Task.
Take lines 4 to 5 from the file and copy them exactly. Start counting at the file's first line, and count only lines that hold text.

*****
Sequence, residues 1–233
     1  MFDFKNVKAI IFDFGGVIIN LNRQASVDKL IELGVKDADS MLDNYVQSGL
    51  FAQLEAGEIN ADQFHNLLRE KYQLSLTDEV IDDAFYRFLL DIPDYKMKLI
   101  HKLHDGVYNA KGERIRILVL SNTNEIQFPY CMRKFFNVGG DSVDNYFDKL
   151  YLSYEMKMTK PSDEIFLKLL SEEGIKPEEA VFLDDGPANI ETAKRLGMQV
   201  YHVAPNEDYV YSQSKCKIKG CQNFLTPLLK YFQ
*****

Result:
   101  HKLHDGVYNA KGERIRILVL SNTNEIQFPY CMRKFFNVGG DSVDNYFDKL
   151  YLSYEMKMTK PSDEIFLKLL SEEGIKPEEA VFLDDGPANI ETAKRLGMQV